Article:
Chagas disease natural history, complications and prognosis
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The incubation period of T. cruzi is 1-2 weeks following transmission. The majority (90%-95%) of infected individuals remain asymptomatic in the acute phase following Chagas disease infection. Nonetheless, patients typically remain chronically infected and demonstrate clinical manifestations several years/decades following infection. Approximately 1/3 of patients develop manifestations of the chronic Chagas disease, namely cardiac conduction system dysfunction, GI denervation with esophageal and/or colonic dysfunction (megaesophagus and megacolon). Chagas cardiomyopathy is the most common chronic manifestation of the disease and accounts for approximately 80-90% of chronic manifestations. The majority of patients with Chagas cardiomyopathy die within 2 years of symptom onset.
- The incubation period of T. cruzi is 1-2 weeks following transmission. Nonetheless, the majority (90%-95%) of infected individuals remain asymptomatic in the acute phase following Chagas disease infection.
- Some individuals may experience mild and non-specific clinical manifestations, such as fever, anorexia, and fatigue. These symptoms usually self-resolve within 4-8 weeks.
- Rarely, the acute phase of Chagas disease is life-threatening, and patients may present with either myocarditis of meningoencephalitis that require hospitalization.
Asymptomatic (Indeterminate) Chronic Phase
- The majority of patients are asymptomatic during the acute phase but remain chronically infected.
- Early during the chronic state, patients are asymptomatic.
Symptomatic Chronic Phase
- Several years/decades following the initial acute phase, approximately 1/3 of patients develop manifestations of the chronic Chagas disease, namely cardiac conduction system dysfunction, GI denervation with esophageal and/or colonic dysfunction (megaesophagus and megacolon).
- Chagas cardiomyopathy is the most common chronic manifestation of the disease and accounts for approximately 80-90% of chronic manifestations. It is highly arrhythmogenic and often manifests with right bundle branch block, AV block, tachyarrhythmia/bradyarrhythmia. Patients typically progress to congestive heart failure and may develop thromboembolic events due to thrombus formation (often due to either dilation of the left ventricle or aneurysm formation). The majority of patients with Chagas cardiomyopathy die within 6 months - 2 years of onset of cardiac symptoms.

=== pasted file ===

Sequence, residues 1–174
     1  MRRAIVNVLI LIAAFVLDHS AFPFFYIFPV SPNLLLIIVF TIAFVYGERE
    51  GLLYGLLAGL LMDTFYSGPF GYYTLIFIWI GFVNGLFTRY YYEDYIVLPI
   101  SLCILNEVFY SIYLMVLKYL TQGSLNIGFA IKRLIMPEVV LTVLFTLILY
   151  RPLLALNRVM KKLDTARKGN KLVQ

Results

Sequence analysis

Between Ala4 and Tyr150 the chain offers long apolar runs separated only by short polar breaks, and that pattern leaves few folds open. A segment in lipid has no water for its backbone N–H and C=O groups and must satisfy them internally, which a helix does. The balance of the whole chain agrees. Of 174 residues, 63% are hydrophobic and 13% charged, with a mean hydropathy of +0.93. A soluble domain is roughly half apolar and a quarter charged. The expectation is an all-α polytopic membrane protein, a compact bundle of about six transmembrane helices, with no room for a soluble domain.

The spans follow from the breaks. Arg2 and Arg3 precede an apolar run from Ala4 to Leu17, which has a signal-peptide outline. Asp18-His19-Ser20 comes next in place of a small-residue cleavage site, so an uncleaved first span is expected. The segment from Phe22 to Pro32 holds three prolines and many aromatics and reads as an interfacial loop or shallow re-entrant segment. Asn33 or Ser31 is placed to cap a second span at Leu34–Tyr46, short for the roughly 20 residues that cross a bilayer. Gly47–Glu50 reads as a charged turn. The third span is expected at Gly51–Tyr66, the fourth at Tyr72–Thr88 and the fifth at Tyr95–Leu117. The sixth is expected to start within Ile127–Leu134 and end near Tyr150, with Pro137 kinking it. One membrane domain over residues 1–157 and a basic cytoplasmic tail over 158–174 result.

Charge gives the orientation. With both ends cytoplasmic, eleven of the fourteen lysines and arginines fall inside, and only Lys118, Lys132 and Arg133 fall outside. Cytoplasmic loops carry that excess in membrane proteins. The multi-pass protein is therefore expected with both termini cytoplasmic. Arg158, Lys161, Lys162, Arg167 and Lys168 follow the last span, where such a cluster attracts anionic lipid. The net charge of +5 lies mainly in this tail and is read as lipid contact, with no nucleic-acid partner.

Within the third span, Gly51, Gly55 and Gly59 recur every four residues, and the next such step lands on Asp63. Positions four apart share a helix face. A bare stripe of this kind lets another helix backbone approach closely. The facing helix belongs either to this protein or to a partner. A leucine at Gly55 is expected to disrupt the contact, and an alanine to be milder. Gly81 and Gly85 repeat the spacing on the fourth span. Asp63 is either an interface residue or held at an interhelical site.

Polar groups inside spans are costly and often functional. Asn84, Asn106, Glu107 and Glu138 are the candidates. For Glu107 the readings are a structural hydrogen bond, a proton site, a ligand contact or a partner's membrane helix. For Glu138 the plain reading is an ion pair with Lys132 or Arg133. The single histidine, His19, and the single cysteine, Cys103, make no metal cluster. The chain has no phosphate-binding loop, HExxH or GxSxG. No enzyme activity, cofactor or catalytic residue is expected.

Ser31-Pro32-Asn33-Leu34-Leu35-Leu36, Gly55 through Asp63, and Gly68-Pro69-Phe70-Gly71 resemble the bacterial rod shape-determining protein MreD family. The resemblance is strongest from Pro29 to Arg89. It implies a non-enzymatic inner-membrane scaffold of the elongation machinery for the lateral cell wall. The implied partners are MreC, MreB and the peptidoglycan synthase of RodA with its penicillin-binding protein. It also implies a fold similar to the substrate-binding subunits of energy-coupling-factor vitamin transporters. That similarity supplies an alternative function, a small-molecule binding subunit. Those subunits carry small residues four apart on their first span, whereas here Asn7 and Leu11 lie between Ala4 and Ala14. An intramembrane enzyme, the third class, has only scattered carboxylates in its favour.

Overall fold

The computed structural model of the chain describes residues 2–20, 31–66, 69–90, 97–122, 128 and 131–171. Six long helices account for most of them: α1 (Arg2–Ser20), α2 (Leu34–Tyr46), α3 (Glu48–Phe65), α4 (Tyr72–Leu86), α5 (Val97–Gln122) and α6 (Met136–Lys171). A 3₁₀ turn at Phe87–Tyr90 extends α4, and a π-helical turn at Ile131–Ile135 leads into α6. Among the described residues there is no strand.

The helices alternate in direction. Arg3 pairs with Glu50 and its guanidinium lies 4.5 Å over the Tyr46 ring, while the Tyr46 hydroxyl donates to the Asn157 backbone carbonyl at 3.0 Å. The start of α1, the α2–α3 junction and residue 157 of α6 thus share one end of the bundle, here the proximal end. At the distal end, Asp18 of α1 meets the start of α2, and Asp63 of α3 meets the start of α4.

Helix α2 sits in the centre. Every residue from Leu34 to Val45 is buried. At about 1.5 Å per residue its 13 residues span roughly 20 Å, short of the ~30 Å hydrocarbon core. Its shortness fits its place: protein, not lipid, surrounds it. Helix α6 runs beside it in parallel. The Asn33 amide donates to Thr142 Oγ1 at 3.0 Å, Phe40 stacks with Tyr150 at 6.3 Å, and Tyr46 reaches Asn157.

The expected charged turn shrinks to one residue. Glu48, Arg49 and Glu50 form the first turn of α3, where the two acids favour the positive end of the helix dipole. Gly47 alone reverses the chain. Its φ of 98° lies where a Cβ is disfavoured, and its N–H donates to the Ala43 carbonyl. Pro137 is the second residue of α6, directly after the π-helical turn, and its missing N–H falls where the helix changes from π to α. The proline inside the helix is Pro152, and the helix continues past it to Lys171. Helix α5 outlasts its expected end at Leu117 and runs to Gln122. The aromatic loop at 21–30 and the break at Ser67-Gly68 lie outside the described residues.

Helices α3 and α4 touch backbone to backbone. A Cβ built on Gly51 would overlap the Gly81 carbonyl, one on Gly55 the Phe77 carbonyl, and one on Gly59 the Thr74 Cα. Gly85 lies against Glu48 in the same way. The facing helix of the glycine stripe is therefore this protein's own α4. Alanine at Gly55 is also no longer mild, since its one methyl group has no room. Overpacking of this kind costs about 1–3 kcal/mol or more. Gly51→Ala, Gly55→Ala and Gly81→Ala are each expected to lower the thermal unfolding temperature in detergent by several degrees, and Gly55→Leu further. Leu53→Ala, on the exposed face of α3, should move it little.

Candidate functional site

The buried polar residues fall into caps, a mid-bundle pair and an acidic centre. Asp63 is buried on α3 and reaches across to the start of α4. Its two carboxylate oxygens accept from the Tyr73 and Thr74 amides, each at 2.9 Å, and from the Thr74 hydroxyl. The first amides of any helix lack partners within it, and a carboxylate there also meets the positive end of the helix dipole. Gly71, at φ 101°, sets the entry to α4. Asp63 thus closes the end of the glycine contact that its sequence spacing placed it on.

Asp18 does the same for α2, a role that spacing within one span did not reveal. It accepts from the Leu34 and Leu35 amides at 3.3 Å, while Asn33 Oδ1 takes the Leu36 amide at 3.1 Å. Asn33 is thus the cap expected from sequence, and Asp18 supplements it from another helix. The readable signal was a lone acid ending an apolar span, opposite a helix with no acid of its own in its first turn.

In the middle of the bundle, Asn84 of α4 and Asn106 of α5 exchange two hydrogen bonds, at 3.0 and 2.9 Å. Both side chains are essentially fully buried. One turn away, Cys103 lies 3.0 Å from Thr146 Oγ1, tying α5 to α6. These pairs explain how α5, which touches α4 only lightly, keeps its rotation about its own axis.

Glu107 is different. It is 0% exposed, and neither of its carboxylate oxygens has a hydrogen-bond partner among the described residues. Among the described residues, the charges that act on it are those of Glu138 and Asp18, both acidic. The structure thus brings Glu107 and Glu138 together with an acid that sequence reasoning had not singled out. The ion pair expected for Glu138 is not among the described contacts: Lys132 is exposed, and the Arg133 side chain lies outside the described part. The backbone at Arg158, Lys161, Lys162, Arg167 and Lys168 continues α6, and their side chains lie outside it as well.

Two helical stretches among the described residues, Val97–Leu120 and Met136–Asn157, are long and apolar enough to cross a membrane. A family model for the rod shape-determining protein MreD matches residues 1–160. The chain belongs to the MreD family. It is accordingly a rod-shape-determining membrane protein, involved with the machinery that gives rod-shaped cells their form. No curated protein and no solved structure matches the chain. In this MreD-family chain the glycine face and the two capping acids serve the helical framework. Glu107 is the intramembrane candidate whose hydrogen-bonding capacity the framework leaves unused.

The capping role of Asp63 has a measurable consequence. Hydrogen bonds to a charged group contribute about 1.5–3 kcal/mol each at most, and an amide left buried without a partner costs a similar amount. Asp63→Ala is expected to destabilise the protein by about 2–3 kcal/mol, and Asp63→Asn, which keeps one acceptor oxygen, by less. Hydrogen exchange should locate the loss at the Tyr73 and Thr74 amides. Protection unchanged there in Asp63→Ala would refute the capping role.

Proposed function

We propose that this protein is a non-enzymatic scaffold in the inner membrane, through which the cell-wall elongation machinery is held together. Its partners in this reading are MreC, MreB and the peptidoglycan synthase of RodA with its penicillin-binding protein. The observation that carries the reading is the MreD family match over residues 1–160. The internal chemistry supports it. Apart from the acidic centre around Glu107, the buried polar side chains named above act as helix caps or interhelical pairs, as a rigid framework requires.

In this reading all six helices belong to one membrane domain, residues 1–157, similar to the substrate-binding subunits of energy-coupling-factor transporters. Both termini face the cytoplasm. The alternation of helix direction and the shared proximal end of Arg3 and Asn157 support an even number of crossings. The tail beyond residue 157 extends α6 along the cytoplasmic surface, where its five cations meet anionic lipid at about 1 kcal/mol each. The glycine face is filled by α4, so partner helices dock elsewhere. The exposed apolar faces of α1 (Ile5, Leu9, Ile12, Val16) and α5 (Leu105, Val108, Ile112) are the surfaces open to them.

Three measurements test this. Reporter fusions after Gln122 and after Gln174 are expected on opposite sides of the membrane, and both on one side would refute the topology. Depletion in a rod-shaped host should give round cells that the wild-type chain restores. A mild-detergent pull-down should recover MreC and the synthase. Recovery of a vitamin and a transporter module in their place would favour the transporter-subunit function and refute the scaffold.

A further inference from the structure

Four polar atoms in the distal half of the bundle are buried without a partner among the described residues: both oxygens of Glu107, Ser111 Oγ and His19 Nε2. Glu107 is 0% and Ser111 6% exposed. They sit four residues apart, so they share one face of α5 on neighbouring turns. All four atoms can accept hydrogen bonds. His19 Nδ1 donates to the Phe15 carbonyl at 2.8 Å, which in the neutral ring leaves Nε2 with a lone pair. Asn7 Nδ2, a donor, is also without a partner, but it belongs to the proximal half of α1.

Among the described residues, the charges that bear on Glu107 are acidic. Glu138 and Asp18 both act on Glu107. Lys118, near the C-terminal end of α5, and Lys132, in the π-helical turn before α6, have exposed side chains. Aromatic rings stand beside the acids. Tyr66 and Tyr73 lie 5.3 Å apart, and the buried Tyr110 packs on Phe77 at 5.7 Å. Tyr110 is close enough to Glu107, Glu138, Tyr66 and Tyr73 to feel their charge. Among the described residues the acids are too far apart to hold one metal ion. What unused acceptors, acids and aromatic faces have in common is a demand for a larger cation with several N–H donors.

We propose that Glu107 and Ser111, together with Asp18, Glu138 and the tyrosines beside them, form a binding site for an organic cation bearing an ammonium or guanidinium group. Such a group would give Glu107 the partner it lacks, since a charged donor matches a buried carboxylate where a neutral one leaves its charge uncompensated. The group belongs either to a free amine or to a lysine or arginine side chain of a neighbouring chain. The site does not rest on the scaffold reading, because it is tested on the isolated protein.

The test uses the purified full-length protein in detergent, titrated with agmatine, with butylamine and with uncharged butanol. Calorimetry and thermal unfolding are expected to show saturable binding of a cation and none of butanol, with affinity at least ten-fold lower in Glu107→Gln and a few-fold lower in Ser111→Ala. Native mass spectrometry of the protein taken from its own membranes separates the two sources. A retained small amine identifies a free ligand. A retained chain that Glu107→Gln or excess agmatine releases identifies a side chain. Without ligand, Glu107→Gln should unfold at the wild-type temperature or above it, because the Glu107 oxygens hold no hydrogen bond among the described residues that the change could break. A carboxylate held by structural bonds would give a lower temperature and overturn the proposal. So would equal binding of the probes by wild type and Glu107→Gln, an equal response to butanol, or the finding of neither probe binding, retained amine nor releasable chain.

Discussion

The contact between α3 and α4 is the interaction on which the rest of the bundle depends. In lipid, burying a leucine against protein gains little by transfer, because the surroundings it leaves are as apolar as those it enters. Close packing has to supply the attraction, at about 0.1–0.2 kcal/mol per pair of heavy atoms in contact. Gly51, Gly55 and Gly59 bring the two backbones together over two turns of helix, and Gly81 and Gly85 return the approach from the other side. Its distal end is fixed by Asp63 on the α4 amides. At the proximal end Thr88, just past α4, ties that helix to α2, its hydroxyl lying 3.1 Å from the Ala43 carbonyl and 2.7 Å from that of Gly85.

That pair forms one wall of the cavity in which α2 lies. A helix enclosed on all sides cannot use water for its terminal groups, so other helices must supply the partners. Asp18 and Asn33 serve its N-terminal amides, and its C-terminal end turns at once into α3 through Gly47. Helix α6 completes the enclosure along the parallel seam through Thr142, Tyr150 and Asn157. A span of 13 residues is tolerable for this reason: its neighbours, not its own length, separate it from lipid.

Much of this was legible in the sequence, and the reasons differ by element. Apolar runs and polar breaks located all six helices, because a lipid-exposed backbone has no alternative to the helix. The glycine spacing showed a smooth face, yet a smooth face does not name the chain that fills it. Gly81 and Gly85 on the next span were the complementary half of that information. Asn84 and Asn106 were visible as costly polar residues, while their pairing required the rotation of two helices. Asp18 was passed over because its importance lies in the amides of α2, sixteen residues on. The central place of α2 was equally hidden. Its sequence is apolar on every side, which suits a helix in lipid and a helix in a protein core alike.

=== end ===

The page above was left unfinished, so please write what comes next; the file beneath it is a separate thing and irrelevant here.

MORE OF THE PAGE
- Less commonly (10-20%), patients develop GI manifestations of chronic Chagas disease. Early esophageal Chagas disease often manifests with dysphagia, odynophagia, cough, reflux, and regurgitation. As the disease progresses, individuals experience significant weight loss and aspiration. Similarly, patients with colonic Chagas disease usually complain of constipation early in the disease that often progresses to development of fecaloma, volvolus, and ischemic bowel disease.
- AV block
- Apical aneurysm
- Congestive heart failure
- Sudden death
- Esophageal cancer
- Volvulus of sigmoid colon
- Ischemic bowel disease
- Aspiration pneumonia
- Approximately 1/3 of chronically infected patients develop clinical manifestations of chronic Chagas disease.
- Development of cardiac symptoms is a poor prognostic factor. The majority of patients die within 6 months to 2 years following onset of cardiac symptoms.
- Patients with HIV are at an increased rate of developing complications, even during the early phase of Chagas disease. HIV-positivity is associated with increased risk of Chagas myocarditis and meningoencephalitis.
- The following Chagas disease prognosis index estimates the 10-year risk of Chagas disease-related mortality:. Based on data from approximately 500 patients, this index incorporates individual information from the clinical aspects, X-ray findings, EKG, echocardiography and Holter.
|NYHA class III or IV||5|
|Wall motion abnormalities||3|
|Non-sustained ventricular tachycardia||3|
|Low voltage on ECG||2|
|Total Points||10-year Risk of Chagas Disease-related Mortality|
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